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Thread Subject:
2 dimensional recurrence equation

Subject: 2 dimensional recurrence equation

From: g.n.mueller@gmail.com

Date: 3 Mar, 2009 20:57:23

Message: 1 of 6

Hi

Does anyone know how to solve 2 dim. recurrence equations in Matlab?
I have a table and I can fill it in by hand but I want a closed form
for the
entry (m,n). However, trying to derive the closed form has not led to
any
results yet...
Thanks

Gloria

Subject: 2 dimensional recurrence equation

From: Matt Fig

Date: 3 Mar, 2009 21:30:24

Message: 2 of 6

Not all recursion relations are reducible to a closed form equation. If your relation is not linear, you may very well not be able to find a closed form equation for the nth term.

http://mathworld.wolfram.com/RecurrenceEquation.html






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Subject: 2 dimensional recurrence equation

From: g.n.mueller@gmail.com

Date: 4 Mar, 2009 06:30:58

Message: 3 of 6



Matt Fig schrieb:
> Not all recursion relations are reducible to a closed form equation. If your relation is not linear, you may very well not be able to find a closed form equation for the nth term.
>
> http://mathworld.wolfram.com/RecurrenceEquation.html
>


Hi Matt

Thanks. And assuming that it is linear - how can I "type it into
Matlab"?
Or are you saying that because termination is not guaranteed Matlab
can't solve it?
Thanks,

Gloria

Subject: 2 dimensional recurrence equation

From: Roger Stafford

Date: 4 Mar, 2009 08:44:01

Message: 4 of 6

g.n.mueller@gmail.com wrote in message <481501c7-ae48-4c2f-a9d0-dc374434d1b0@a12g2000yqm.googlegroups.com>...
> .......
> Thanks. And assuming that it is linear - how can I "type it into
> Matlab"?
> .......

  Much depends on the form of your two-dimensional iteration equations and the boundary values. If, for example, the iteration is linear of the form

 f(m+1,n+1) = a*f(m,n+1) + b*f(m+1,n)

where a and b are certain known constants, and if f(m,0) and f(0,n) are all equal to some constant for all m and n, then the general solution for the m,n-th value is of the form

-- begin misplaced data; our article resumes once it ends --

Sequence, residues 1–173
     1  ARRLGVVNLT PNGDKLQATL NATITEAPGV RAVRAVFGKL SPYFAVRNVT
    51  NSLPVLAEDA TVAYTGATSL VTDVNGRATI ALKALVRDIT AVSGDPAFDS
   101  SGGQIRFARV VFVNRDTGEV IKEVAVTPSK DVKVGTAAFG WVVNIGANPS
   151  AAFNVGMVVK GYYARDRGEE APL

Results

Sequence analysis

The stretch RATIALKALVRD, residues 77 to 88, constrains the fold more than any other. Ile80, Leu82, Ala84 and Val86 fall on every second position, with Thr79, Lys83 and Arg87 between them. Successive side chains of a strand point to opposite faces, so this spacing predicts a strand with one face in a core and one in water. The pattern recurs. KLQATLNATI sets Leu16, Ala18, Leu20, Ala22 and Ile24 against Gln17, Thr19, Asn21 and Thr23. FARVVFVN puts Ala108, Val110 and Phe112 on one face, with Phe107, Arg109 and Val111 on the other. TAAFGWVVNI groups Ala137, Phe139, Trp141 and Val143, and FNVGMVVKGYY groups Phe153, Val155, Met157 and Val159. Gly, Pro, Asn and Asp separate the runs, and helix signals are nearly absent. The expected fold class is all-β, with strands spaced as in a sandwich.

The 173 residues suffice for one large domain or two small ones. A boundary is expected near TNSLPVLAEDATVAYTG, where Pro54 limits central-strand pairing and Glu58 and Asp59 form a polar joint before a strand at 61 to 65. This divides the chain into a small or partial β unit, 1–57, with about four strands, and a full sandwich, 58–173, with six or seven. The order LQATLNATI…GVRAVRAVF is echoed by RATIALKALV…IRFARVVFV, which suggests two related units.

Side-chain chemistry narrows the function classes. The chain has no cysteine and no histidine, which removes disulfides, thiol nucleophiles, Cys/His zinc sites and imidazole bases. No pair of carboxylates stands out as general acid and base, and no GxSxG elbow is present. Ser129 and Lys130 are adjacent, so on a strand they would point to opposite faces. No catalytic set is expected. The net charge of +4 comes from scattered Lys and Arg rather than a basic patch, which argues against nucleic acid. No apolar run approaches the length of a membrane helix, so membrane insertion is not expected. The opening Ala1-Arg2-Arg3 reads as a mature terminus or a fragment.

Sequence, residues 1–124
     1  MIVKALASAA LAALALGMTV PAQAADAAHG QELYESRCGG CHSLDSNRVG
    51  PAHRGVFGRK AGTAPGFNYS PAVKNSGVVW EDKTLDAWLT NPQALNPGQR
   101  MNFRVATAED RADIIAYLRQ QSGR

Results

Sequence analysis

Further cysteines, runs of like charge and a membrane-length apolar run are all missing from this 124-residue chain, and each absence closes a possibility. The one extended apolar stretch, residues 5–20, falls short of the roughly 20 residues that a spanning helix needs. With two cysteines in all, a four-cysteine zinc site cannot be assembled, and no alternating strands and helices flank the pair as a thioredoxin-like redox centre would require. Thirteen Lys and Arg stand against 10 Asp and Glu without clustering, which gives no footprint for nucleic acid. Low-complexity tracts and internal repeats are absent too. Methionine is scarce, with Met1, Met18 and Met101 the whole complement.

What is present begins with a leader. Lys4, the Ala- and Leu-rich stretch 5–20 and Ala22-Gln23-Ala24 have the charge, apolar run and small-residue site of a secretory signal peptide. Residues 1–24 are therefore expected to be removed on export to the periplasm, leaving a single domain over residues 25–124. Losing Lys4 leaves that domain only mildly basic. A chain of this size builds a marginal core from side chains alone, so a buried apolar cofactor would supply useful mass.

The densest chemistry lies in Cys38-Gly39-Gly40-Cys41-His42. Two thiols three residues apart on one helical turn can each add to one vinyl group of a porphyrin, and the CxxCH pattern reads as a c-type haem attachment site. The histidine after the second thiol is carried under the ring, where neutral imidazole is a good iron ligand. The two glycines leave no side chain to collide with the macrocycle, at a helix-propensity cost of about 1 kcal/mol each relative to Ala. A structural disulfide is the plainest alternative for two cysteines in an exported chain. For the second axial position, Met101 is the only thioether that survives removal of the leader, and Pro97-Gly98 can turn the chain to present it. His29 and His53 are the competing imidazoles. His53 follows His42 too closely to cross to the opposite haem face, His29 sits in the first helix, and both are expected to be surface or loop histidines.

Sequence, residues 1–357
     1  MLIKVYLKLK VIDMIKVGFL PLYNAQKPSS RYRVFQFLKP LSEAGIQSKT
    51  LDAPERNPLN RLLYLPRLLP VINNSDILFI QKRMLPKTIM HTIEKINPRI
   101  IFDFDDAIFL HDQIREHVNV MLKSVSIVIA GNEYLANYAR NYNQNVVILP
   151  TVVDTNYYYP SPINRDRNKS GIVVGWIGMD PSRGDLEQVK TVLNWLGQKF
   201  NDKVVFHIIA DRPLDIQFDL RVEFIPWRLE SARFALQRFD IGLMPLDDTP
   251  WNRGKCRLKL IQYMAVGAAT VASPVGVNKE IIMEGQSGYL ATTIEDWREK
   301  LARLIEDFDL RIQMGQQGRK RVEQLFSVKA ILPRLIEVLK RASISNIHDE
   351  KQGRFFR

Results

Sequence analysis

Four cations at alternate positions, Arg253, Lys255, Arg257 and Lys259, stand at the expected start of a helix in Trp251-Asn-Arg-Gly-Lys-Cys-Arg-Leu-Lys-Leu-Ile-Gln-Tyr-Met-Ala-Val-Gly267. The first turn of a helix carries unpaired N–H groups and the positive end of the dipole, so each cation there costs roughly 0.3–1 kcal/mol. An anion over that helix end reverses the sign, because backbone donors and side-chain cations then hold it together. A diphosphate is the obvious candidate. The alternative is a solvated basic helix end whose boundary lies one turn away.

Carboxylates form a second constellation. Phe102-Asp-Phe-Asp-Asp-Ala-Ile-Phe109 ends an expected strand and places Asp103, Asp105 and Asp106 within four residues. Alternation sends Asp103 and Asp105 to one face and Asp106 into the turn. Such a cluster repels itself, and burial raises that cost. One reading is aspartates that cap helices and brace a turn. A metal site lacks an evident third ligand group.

f(m,n) = A*x^m + B*y^n

where x and y can be determined uniquely from the iteration equation and the constants A and B from the boundary conditions at m=0 and n=0.

  However, that is just a wild guess. You may be faced with something entirely different.

Roger Stafford

Subject: 2 dimensional recurrence equation

From: g.n.mueller@gmail.com

Date: 4 Mar, 2009 12:09:51

Message: 5 of 6



Roger Stafford schrieb:
> g.n.mueller@gmail.com wrote in message <481501c7-ae48-4c2f-a9d0-dc374434d1b0@a12g2000yqm.googlegroups.com>...
> > .......
> > Thanks. And assuming that it is linear - how can I "type it into
> > Matlab"?
> > .......
>
> Much depends on the form of your two-dimensional iteration equations and the boundary values. If, for example, the iteration is linear of the form
>
> f(m+1,n+1) = a*f(m,n+1) + b*f(m+1,n)
>
> where a and b are certain known constants, and if f(m,0) and f(0,n) are all equal to some constant for all m and n, then the general solution for the m,n-th value is of the form
>
> f(m,n) = A*x^m + B*y^n
>
> where x and y can be determined uniquely from the iteration equation and the constants A and B from the boundary conditions at m=0 and n=0.
>
> However, that is just a wild guess. You may be faced with something entirely different.
>
> Roger Stafford




Hi Roger


Yes, I have f(m+1,n+1) = a*f(m,n+1) + b*f(m+1,n)

I know that for 1 dim. in MAPLE the method used to solve it is called
rsolve and the syntax would be sth. like this:
  rsolve( {f(m+1,n+1) = a*f(m,n+1) + b*f(m+1,n), f(0,0)=10}, f(m,n))

However, Maple fails to solve recurrence relations with more than 1